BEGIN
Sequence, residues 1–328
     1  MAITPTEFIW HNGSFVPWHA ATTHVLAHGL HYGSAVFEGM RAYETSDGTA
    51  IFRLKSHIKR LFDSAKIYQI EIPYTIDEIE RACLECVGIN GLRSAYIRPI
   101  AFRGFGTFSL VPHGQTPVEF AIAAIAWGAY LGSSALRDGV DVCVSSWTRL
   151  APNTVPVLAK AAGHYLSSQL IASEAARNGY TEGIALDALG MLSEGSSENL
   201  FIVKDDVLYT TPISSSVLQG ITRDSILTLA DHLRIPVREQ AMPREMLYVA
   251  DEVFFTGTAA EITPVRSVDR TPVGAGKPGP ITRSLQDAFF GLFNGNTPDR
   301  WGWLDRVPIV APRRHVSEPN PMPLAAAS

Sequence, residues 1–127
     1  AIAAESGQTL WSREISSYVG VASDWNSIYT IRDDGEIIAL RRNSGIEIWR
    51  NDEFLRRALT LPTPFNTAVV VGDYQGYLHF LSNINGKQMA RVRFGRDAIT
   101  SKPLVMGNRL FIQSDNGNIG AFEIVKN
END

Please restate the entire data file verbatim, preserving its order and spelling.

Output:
Sequence, residues 1–328
     1  MAITPTEFIW HNGSFVPWHA ATTHVLAHGL HYGSAVFEGM RAYETSDGTA
    51  IFRLKSHIKR LFDSAKIYQI EIPYTIDEIE RACLECVGIN GLRSAYIRPI
   101  AFRGFGTFSL VPHGQTPVEF AIAAIAWGAY LGSSALRDGV DVCVSSWTRL
   151  APNTVPVLAK AAGHYLSSQL IASEAARNGY TEGIALDALG MLSEGSSENL
   201  FIVKDDVLYT TPISSSVLQG ITRDSILTLA DHLRIPVREQ AMPREMLYVA
   251  DEVFFTGTAA EITPVRSVDR TPVGAGKPGP ITRSLQDAFF GLFNGNTPDR
   301  WGWLDRVPIV APRRHVSEPN PMPLAAAS

Sequence, residues 1–127
     1  AIAAESGQTL WSREISSYVG VASDWNSIYT IRDDGEIIAL RRNSGIEIWR
    51  NDEFLRRALT LPTPFNTAVV VGDYQGYLHF LSNINGKQMA RVRFGRDAIT
   101  SKPLVMGNRL FIQSDNGNIG AFEIVKN